And the mode of deliverance of the Murphy message, featuring a major use of television, has been critical to its success. In my InsiderNJ column of Monday, June 17, 2019, “Murphy’s Key to Survival – Nobody’s Watching ‘The Trenton Show’”, I set forth the tactical context of the Murphy-Norcross political war: Nobody is watching the “Trenton Show,” due to 1) the usual Garden State apathy towards state government; and 2) the huge viewership ratings of the competitive “Trump Show.”
In such a context, the effective use of television is essential to “get the message out.” Phil Murphy has done that, with the magnificent “New Direction New Jersey” commercial produced by the Martin Scorsese of New Jersey political media, Brad Lawrence. Phil Murphy was reputed to have done some fine acting as a student-actor at campus shows at Harvard. It is abundantly clear that the best acting of Murphy’s life has been performed in the Brad Lawrence commercials.
Norcross has eschewed the use of television in his political duel to the death with Phil Murphy, and that is most mystifying to me. No New Jersey political leader over the last three decades has made more effective use of television than George Norcross. He made history in New Jersey in 1991 when he became the first Garden State political leader to use television commercials in a New Jersey legislative campaign. These commercials enabled the late John Adler to score a major upset victory over the then incumbent GOP 6th District Senator Lee Laskin.
The famed philosopher, Georges Santayana was famous for saying, “Those who do not remember the past are condemned to repeat it.” In the case of George Norcross, it can be said that in the world of politics, one who forgets the reason for his prior success is not likely to duplicate it.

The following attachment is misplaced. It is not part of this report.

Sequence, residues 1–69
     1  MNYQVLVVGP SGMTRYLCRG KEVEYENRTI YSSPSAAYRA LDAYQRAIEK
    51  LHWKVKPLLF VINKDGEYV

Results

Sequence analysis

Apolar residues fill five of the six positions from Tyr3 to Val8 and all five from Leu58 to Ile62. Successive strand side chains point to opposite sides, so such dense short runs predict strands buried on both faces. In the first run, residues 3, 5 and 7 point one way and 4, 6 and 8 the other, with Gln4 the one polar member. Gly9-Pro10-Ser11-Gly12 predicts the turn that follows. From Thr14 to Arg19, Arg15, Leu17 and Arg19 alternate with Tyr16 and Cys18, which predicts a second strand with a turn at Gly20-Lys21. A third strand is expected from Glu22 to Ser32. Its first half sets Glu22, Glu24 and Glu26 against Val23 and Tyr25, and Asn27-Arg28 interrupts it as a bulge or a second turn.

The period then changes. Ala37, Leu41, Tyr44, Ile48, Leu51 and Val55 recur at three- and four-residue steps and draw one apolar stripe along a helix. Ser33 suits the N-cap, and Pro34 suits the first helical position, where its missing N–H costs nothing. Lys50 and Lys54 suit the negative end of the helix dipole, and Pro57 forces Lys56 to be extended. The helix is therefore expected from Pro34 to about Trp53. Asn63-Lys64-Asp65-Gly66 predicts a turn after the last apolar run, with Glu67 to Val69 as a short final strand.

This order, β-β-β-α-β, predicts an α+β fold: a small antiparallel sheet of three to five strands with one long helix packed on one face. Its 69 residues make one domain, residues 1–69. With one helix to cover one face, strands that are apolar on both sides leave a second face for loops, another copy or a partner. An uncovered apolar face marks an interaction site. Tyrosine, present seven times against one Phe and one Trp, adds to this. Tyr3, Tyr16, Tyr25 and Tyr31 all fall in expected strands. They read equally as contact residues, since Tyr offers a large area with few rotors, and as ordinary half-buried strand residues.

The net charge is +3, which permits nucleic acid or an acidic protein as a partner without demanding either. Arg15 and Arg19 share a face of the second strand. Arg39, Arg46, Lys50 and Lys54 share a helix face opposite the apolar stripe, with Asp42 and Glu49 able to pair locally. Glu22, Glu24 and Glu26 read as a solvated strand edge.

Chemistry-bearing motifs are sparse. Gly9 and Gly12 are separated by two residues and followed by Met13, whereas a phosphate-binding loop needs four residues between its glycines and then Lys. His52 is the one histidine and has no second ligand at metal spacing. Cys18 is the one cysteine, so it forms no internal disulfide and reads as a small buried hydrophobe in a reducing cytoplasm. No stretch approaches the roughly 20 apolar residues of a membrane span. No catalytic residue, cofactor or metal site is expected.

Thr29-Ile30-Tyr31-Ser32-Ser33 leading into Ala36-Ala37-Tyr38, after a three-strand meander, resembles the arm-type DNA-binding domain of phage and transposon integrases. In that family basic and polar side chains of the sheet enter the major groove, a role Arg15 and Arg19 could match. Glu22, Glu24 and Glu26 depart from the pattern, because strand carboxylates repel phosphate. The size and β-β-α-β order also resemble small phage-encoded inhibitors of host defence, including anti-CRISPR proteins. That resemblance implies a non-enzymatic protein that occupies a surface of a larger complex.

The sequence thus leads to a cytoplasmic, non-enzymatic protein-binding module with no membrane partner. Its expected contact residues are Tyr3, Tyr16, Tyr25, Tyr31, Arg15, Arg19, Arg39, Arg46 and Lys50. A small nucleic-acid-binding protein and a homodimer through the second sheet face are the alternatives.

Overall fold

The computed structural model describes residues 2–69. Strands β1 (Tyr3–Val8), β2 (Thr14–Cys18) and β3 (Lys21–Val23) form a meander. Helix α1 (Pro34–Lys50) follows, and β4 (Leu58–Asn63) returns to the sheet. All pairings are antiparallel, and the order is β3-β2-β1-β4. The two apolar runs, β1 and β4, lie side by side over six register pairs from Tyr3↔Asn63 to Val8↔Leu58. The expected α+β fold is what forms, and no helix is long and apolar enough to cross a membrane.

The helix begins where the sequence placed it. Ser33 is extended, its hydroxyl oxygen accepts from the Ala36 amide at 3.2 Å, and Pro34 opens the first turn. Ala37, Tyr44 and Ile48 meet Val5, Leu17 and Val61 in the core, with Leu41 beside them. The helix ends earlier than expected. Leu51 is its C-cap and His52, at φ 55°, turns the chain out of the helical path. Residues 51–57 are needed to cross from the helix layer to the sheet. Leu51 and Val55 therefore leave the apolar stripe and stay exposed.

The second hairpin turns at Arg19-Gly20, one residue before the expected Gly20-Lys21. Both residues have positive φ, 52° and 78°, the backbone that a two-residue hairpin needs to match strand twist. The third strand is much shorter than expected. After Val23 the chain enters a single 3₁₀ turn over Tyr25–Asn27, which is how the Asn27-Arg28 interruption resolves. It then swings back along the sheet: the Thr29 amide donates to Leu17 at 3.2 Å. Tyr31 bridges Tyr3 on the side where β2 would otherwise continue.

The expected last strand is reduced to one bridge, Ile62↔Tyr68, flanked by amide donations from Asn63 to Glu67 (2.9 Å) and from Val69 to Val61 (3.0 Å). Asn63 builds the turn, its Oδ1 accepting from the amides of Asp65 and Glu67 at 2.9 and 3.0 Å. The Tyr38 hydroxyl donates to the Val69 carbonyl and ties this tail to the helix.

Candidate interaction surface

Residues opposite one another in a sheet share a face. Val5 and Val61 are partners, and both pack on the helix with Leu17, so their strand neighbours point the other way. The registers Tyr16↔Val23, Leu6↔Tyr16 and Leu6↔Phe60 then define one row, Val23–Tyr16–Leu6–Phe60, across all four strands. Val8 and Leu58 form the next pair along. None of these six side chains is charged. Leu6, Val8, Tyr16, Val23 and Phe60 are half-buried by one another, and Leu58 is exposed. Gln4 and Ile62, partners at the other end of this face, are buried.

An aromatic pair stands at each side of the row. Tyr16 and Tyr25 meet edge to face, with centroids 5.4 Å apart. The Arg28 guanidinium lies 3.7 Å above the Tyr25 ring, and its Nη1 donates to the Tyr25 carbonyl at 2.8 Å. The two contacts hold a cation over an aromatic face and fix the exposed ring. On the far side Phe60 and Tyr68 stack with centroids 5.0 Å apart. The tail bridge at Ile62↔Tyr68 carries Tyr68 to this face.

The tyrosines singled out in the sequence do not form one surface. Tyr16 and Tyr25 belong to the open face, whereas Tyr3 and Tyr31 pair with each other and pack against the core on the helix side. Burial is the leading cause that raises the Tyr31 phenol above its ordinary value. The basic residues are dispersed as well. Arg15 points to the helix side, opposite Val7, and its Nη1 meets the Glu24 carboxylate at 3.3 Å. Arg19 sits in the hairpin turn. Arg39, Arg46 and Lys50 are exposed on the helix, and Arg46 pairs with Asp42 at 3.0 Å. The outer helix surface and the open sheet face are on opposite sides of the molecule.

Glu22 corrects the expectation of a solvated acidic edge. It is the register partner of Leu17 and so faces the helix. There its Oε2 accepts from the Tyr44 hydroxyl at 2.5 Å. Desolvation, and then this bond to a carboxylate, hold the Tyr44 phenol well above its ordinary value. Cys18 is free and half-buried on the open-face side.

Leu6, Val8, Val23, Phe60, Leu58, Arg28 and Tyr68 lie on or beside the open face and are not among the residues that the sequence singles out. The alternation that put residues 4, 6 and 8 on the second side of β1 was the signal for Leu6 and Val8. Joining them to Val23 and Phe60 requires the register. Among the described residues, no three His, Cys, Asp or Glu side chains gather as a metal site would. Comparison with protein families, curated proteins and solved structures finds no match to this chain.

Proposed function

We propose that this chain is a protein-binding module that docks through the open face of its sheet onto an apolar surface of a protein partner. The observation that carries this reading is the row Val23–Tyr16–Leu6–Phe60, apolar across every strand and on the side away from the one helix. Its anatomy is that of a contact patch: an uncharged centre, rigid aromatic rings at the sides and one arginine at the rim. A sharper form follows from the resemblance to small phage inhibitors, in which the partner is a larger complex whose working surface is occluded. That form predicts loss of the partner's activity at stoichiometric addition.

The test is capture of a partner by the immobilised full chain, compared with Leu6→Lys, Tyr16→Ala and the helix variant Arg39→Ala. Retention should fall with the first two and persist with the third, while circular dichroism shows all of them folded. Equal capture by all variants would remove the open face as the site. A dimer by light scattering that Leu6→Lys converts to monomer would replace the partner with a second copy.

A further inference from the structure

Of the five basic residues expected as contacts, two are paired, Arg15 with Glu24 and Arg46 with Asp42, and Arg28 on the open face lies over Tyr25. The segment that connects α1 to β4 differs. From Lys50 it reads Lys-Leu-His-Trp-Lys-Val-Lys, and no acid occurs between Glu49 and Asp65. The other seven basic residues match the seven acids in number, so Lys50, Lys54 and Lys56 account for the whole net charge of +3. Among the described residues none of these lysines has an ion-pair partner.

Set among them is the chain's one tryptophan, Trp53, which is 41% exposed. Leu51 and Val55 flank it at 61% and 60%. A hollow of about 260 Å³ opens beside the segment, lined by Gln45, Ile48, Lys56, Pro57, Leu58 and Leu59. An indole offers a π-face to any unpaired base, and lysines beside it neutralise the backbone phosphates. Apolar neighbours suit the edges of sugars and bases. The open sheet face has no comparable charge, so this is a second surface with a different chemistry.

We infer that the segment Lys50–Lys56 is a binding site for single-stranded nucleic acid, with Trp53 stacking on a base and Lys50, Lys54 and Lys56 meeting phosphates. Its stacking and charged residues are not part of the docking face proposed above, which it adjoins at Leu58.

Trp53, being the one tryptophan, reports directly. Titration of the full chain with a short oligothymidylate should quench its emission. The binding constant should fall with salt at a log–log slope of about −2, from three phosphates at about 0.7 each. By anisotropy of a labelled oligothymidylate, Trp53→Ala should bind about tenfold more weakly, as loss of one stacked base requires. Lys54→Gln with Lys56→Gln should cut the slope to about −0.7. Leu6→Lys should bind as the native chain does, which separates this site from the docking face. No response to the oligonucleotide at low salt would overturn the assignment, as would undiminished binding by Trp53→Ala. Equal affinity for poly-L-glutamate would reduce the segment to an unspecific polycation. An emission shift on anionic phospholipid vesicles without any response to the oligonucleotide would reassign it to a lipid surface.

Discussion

Below the political radar screen, and separate and apart from his conflict with Norcross, Murphy is, in his official capacity as governor, making maximal effective use of digital media. Virtually every New Jersey governmental website is carrying a well-crafted video of Murphy or one his high-level appointees in action. If you then go to platforms like Facebook or Twitter, you will see that these videos are well distributed. The Murphy governmental video operation is destined to enhance his popularity.
One week ago, I was mocking Phil Murphy for what I perceived as his lack of political instincts and acumen. He proved me wrong. I am not an advocate of Phil Murphy. He is a progressive Democrat, while I am a centrist conservative independent. As a journalist however, I have to credit him with displaying excellent strategy, tactics, and communication skills in his battle for political survival against George Norcross and his subservient army of nondescript legislative leaders and back benchers. He has also shown political courage – “onions,” in the words of Dick Codey.
It wouldn’t be a Steinberg column without a boxing analogy, so here goes.
Phil Murphy grew up in suburban Boston. The Boston area is renowned for gritty pugilists, including Rocky Marciano, Marvin Hagler, Tony DeMarco, and Paul Pender.
A week ago, I thought that in boxing terms, Phil Murphy resembled Tom McNeeley, a less than impressive Boston area heavyweight. Today, he reminds me of “Irish” Micky Ward, the welterweight who served as the subject of the movie, “The Fighter,” starring Mark Wahlberg. In taking on George Norcross and his machine, Phil Murphy displayed the courage and fighting heart of a Micky Ward!
In short, Phil Murphy is winning. Big time.
Alan J. Steinberg served as Regional Administrator of Region 2 EPA during the administration of former President George W. Bush and as Executive Director of the New Jersey Meadowlands Commission under former New Jersey Governor Christie Whitman.